The driver’s seat initially feels oddly shaped and a bit squishy. Only the top SEL trim level includes an adjustable lumbar support; the SE’s front bucket seats are lacking in this area. But they do provide better lateral support than most in the class. Without the compromises often imposed by a stylish exterior, visibility in all directions is good. The beltline is low enough that there’s no sense of being buried in the car.

Switch to the back seat and discover the first of the 2011 Jetta’s surprises. The new car is three inches longer than the old one (182.2 vs. 179.3), and nearly all of this increase has been allocated to rear legroom (now 38.1 inches, up from 35.4). While the new Hyundai Elantra is a midsize car based on EPA classifications, and the Jetta is a compact, the tall adults will be much more comfortable in the latter’s back seat. The Cruze’s back seat isn’t in the same league.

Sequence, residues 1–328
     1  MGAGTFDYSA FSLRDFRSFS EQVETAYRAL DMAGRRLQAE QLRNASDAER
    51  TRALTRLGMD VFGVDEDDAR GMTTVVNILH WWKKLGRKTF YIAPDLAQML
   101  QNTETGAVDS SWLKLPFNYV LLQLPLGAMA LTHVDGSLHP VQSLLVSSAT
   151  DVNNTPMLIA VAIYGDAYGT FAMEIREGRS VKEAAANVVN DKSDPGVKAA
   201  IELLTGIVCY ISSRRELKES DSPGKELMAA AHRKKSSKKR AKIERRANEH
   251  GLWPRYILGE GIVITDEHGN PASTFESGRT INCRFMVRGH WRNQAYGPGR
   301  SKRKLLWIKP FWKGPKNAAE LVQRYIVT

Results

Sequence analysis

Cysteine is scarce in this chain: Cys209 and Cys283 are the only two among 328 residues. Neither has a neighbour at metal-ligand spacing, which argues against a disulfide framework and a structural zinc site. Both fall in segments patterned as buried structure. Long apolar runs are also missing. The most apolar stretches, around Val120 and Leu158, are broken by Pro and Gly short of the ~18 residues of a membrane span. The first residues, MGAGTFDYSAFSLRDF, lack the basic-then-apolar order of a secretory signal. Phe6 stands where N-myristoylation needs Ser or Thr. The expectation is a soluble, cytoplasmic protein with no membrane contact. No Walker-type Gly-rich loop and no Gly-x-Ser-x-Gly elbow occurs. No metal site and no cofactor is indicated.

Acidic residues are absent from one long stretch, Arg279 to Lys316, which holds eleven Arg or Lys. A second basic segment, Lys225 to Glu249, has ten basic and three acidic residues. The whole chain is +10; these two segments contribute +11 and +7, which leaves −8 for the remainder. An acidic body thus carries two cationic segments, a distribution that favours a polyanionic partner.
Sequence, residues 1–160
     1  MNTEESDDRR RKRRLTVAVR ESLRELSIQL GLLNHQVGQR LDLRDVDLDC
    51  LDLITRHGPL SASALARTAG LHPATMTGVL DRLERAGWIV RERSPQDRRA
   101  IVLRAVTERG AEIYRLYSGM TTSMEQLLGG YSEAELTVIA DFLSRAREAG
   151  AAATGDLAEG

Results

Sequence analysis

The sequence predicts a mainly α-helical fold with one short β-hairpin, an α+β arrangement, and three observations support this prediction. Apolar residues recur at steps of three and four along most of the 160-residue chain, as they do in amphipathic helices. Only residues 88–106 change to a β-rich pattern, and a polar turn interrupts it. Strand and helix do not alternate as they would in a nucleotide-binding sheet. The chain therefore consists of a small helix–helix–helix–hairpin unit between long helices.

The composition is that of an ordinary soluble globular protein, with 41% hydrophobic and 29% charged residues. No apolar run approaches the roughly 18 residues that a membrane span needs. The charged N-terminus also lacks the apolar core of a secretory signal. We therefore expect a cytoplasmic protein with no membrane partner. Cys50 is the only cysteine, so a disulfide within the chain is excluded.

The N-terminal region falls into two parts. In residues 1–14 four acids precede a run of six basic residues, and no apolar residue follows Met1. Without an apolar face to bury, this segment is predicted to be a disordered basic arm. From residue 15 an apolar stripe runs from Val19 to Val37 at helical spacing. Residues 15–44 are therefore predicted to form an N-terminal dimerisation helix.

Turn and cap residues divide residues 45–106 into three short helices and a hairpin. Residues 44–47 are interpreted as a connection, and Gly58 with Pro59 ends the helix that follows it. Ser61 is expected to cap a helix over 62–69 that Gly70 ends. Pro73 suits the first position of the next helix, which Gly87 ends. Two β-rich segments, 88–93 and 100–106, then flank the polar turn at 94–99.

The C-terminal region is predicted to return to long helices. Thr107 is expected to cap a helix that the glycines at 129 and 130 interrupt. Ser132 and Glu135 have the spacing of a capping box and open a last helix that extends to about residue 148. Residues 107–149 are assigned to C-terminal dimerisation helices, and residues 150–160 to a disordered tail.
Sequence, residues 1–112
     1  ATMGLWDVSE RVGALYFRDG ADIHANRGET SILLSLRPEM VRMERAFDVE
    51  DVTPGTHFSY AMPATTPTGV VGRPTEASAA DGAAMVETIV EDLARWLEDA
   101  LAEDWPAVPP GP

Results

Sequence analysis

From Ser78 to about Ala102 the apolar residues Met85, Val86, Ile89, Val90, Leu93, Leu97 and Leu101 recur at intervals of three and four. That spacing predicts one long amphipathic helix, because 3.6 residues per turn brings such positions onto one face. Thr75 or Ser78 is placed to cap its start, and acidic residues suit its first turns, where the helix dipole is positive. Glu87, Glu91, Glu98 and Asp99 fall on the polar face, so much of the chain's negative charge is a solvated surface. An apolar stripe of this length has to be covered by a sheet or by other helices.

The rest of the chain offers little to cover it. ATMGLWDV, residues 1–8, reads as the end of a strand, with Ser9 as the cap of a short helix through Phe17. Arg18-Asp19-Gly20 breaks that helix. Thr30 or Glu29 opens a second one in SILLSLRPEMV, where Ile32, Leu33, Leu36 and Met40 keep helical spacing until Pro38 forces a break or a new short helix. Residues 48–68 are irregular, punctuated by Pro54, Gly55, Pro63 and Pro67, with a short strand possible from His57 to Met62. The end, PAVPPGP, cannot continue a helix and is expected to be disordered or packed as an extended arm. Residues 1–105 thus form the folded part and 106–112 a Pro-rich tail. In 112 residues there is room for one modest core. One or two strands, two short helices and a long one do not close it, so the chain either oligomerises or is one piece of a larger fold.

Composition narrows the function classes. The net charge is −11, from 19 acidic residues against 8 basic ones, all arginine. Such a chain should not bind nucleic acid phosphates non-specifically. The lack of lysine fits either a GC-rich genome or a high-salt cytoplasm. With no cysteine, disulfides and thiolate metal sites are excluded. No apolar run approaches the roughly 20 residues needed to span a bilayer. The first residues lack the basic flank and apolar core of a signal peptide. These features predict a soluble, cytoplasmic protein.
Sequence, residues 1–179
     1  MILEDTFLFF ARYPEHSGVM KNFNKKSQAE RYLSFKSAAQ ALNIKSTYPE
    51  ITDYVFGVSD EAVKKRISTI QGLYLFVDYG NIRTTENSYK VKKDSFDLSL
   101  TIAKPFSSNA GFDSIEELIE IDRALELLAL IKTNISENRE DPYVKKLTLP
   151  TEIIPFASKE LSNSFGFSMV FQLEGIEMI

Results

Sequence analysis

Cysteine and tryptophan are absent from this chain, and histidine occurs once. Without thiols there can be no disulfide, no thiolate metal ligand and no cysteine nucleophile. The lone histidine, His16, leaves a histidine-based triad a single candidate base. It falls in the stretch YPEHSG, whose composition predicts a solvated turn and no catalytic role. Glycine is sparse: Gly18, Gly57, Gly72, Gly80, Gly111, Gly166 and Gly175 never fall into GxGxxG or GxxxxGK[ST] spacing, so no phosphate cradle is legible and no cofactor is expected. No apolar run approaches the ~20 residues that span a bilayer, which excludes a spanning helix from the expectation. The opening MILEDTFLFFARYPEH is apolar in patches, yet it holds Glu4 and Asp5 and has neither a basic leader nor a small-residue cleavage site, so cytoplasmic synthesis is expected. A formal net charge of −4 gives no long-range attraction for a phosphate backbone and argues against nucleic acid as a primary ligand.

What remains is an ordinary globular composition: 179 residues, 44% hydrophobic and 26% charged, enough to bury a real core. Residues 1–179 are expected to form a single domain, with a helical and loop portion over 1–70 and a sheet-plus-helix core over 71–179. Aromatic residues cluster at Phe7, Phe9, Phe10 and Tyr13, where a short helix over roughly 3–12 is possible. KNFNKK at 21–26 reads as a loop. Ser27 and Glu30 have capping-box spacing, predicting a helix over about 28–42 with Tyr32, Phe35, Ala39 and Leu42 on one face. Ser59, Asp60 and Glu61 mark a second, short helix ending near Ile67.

For the sixth-generation Jetta’s base engine, VW resurrected the 115-horsepower 2.0-liter four-cylinder last offered in the fourth-generation car (and outdated even then). Wanting to examine the car in its best light, I passed on the “two point slow” (as it’s not-quite-affectionately known) and requested a car with the 170-horsepower 2.5-liter five-cylinder engine and the manual transmission, a five-speed. I’ve never been a fan of five-cylinder engines in the past, as they tend to sound agricultural. But in the new Jetta the five sounds smoother, and I enjoyed listening to its lower, huskier voice more than that of just about any four. As in the past, the VW 2.5 is about midrange torque, not high-end power, but for anything short of 8/10s it performs very well. The shifter isn’t tight and precise, but some thought seems to have been given to how it feels, which makes it better than most these days.